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MySQL Feed

Oracle MySQL resources, news, and support articles.

Trawling the binlog with FlexCDC and new FlexCDC plugins for MySQL

Swanhart-Tools includes FlexCDC, a change data capture tool for MySQL. FlexCDC follows a server’s binary log and usually writes “changelogs” that track the changes to tables in the database.

Trawling the binlog with FlexCDC and new FlexCDC plugins for MySQL

Swanhart-Tools includes FlexCDC, a change data capture tool for MySQL. FlexCDC follows a server’s binary log and usually writes “changelogs” that track the changes to tables in the database.

mysqld_multi: How to run multiple instances of MySQL

The need to have multiple instances of MySQL (the well-known mysqld process) running in the same server concurrently in a transparent way, instead of having them executed in separate containers/virtual machines, is not very common. Yet from time to time the Percona Support team receives a request from a customer to assist in the configuration of such an environment.

mysqld_multi: How to run multiple instances of MySQL

The need to have multiple instances of MySQL (the well-known mysqld process) running in the same server concurrently in a transparent way, instead of having them executed in separate containers/virtual machines, is not very common. Yet from time to time the Percona Support team receives a request from a customer to assist in the configuration of such an environment.

Workbench 6.2, CakePHP’s new ORM, and OKC Meetup on Wednesday

In the beginning was the MySQL command line and it was good. Verbose yes, error prone yes, and even tedious. But it was good. The UPDATE USER set SELECT_PRIV=’Y’, DROP_PRIV_’Y”, UPDATE_PRIV=’Y’,……,LAST_BLOODY_PRIV=’Y”; type errors have caught of us old timers. But it was still good.

Then came some GUI tools that were okay. Not great but they had their uses.

And then came MySQL Workbench. And it was very good.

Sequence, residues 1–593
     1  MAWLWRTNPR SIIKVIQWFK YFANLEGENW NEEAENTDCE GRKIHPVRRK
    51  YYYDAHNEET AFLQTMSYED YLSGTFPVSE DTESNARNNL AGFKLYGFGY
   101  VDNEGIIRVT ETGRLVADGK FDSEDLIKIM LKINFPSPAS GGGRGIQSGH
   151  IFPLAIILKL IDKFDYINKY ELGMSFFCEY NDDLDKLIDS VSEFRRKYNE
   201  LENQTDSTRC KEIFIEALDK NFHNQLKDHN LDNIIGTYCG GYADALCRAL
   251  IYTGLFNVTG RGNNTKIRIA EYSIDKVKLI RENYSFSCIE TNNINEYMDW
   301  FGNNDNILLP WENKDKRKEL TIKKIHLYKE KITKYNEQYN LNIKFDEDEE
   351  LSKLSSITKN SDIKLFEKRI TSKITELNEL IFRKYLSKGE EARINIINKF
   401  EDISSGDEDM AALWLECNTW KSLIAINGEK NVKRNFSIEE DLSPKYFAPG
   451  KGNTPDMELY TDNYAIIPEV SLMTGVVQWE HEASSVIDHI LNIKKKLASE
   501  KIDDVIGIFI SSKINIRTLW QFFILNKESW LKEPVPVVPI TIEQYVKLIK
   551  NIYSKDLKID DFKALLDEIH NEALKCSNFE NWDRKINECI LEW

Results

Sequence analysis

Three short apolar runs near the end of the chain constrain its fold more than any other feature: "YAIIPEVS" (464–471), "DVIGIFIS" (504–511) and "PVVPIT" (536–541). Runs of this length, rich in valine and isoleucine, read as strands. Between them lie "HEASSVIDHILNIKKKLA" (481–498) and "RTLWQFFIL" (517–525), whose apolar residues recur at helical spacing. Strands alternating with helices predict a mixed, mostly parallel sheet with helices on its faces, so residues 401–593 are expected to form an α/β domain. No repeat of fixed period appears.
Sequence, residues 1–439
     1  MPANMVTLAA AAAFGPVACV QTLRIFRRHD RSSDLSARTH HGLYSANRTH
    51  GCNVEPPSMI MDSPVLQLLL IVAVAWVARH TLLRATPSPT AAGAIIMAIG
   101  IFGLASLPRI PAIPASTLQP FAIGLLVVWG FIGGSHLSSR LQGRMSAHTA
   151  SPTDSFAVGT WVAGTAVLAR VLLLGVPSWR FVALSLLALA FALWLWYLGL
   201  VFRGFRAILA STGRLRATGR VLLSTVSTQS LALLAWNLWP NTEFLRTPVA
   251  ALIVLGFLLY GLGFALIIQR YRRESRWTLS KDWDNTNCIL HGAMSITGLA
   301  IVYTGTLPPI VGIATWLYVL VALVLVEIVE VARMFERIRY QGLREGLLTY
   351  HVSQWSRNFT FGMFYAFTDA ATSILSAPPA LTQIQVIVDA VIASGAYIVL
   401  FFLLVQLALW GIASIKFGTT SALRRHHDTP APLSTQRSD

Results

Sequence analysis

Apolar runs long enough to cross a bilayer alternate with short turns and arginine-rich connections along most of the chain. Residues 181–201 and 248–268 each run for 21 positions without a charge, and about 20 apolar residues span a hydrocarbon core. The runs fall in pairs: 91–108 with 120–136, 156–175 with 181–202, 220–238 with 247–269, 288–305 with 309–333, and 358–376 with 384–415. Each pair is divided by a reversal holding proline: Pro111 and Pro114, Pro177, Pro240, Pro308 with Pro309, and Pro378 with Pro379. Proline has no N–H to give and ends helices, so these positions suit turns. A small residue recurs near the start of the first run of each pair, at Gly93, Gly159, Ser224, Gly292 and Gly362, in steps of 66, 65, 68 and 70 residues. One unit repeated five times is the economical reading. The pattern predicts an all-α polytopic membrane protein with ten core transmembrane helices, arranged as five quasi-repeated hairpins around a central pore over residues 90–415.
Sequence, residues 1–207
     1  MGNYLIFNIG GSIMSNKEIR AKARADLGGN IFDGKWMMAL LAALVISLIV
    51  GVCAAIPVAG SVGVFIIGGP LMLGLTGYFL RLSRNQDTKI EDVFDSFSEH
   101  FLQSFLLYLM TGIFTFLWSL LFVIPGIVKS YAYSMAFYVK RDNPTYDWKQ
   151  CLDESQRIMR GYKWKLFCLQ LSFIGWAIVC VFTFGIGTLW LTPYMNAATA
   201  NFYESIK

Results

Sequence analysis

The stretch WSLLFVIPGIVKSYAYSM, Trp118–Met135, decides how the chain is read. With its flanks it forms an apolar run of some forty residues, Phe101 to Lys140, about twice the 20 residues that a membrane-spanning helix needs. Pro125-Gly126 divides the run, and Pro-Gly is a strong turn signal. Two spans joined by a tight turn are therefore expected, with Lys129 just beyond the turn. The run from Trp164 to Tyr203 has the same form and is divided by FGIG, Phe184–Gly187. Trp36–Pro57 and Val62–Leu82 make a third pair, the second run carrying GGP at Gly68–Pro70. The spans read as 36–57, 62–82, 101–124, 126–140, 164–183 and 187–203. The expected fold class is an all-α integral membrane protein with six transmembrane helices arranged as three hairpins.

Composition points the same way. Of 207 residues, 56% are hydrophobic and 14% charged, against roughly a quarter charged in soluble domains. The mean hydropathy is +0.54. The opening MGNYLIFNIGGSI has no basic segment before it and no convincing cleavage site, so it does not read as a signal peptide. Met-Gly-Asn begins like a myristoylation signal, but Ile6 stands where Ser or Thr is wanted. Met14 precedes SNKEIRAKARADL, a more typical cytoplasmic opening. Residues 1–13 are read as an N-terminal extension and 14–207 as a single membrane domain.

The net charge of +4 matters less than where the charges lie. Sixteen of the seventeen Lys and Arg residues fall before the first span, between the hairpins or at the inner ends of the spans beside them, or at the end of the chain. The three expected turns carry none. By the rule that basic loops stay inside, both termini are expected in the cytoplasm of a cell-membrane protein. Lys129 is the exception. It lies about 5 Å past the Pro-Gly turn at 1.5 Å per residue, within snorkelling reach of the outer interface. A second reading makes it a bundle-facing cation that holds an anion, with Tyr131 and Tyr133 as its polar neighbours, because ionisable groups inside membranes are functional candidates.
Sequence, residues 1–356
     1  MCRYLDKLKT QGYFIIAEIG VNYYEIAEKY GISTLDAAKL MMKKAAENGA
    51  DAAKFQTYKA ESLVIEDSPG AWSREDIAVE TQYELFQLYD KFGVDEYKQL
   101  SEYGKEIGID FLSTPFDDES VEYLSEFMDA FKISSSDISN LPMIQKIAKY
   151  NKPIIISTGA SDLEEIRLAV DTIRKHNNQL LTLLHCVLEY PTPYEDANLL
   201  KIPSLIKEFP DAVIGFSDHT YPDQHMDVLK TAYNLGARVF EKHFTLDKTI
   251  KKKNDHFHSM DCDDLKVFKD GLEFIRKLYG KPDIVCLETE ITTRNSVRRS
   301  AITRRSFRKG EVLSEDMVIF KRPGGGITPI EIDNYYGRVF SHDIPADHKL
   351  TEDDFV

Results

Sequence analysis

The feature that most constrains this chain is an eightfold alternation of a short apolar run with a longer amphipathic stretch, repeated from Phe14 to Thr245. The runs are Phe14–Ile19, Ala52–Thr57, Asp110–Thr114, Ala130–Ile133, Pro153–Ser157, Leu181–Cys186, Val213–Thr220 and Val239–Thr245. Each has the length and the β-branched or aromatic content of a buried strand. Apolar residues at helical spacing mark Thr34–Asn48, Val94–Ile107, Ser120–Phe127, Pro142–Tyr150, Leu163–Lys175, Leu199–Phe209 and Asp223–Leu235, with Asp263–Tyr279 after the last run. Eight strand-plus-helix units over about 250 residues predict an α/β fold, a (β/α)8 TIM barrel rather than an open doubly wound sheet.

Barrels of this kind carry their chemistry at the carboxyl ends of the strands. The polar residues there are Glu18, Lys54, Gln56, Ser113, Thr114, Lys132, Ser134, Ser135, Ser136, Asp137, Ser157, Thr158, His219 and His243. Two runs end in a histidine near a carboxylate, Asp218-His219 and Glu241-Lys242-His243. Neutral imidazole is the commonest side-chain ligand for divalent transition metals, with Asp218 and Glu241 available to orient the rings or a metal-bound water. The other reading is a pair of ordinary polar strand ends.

OpenStack’s Trove: The benefits of this database as a service (DBaaS)

In a previous post, my colleague Dimitri Vanoverbeke discussed at a high level the concepts of database as a service (DBaaS), OpenStack and OpenStack’s implementation of a DBaaS, Trove. Today I’d like to delve a bit further into Trove and discuss where it fits in, and who benefits.

When (and how) to move an InnoDB table outside the shared tablespace

In my last post, “A closer look at the MySQL ibdata1 disk space issue and big tables,” I looked at the growing ibdata1 problem under the perspective of having big tables residing inside the so-called shared tablespace. In the particular case that motivated that post, we had a customer running out of disk space in his server who was looking for a way to make the ibdata1 file shrink.

When (and how) to move an InnoDB table outside the shared tablespace

In my last post, “A closer look at the MySQL ibdata1 disk space issue and big tables,” I looked at the growing ibdata1 problem under the perspective of having big tables residing inside the so-called shared tablespace. In the particular case that motivated that post, we had a customer running out of disk space in his server who was looking for a way to make the ibdata1 file shrink.

Trove and OpenStack

In a previous blog, my colleague Dimitri Vanoverbeke, discussed at a high level the concepts of database as a service, OpenStack and OpenStack’s implementation of a DBaaS, Trove. Today I’d like to delve a bit further into Trove and discuss where it fits in, and who benefits. First off, I’d like to point out that

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